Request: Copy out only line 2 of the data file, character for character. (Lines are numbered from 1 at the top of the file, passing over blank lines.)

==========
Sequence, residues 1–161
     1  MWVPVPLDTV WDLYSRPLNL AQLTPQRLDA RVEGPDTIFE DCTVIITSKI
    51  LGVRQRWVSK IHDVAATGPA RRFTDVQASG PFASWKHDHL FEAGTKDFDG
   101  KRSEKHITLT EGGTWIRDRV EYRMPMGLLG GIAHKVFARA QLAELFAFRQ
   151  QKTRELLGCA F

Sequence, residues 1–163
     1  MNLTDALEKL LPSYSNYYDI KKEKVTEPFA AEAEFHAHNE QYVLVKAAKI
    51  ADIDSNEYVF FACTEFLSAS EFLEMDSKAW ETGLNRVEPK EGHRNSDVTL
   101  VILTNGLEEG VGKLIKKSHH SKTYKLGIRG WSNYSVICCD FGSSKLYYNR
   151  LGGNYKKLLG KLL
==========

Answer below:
     1  MWVPVPLDTV WDLYSRPLNL AQLTPQRLDA RVEGPDTIFE DCTVIITSKI